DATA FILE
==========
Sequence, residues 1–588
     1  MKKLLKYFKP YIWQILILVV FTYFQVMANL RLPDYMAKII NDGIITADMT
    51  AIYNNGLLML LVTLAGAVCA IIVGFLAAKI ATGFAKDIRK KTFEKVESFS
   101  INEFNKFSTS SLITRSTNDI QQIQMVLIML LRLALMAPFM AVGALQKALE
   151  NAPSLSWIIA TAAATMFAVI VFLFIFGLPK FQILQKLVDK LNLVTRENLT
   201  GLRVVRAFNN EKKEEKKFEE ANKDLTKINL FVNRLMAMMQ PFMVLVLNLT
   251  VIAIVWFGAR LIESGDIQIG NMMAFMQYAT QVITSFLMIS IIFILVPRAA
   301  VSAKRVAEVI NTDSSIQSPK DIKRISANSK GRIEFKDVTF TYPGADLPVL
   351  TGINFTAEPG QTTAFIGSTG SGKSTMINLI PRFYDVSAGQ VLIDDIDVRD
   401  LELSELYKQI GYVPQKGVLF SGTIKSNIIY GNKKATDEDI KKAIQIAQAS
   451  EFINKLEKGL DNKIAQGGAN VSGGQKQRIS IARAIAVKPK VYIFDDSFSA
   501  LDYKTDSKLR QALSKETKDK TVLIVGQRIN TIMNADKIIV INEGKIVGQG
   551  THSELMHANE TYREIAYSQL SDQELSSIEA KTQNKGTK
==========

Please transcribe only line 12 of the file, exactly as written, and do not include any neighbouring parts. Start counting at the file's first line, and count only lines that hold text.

   501  LDYKTDSKLR QALSKETKDK TVLIVGQRIN TIMNADKIIV INEGKIVGQG